Caledonia (brig)

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<!-- Deleted image removed: -->The Caledonia was a brig of some 200 tons, built in Arbroath, Scotland, and wrecked on September 7, 1843 on Sharpnose Point, near Morwenstow, Cornwall.

Final voyage

In September 1842 the Caledonia was homeward bound from Odessa, and called in at Falmouth to bury a crewman who had died of wounds suffered during a knife fight in Constantinople. The Caledonia then sailed for Gloucester to unload her cargo of wheat.

As she departed Falmouth a north-westerly gale was raging. At about 1 am on the morning of 8 September the ship's lookout saw waves breaking to leeward on Sharpnose Point, near Morwenstow, Cornwall.

Her captain, Stevenson Peter, shortened sail and tried to stand clear of the shore, but the ship refused to come up and soon hit the rocks at Sharpnose Point. As they hit, the captain ordered the crew to climb into the rigging, but the mast collapsed, throwing them into the sea where they all died. The sole survivor was Edward Le Dain from Jersey who managed to get ashore where a farmer discovered him at dawn. He was taken to the local Rectory where the Reverend Robert Stephen Hawker ensured that he was cared for and nursed back to health.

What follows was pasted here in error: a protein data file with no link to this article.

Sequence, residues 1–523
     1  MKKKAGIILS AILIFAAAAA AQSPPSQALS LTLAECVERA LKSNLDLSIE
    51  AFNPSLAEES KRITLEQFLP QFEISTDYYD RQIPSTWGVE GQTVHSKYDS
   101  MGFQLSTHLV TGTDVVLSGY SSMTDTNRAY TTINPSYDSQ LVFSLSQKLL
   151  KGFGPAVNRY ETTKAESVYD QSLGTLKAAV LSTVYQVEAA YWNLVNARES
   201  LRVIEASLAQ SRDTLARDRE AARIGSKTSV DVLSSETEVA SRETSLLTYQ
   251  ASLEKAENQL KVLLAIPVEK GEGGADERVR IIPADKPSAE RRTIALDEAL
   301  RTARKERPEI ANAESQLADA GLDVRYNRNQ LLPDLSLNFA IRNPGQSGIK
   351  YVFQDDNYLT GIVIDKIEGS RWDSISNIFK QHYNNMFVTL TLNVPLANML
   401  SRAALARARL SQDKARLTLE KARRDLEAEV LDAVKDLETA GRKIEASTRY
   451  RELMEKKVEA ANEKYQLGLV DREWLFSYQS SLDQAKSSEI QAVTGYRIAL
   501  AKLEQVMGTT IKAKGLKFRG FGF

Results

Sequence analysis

The bodies of the other crewmen eventually washed up on the beach and were buried in Morwenstow Churchyard. For some 162 years the white, carved pitch-pine figurehead of the brig was preserved in the churchyard as the headstone of the ship's captain and crew....
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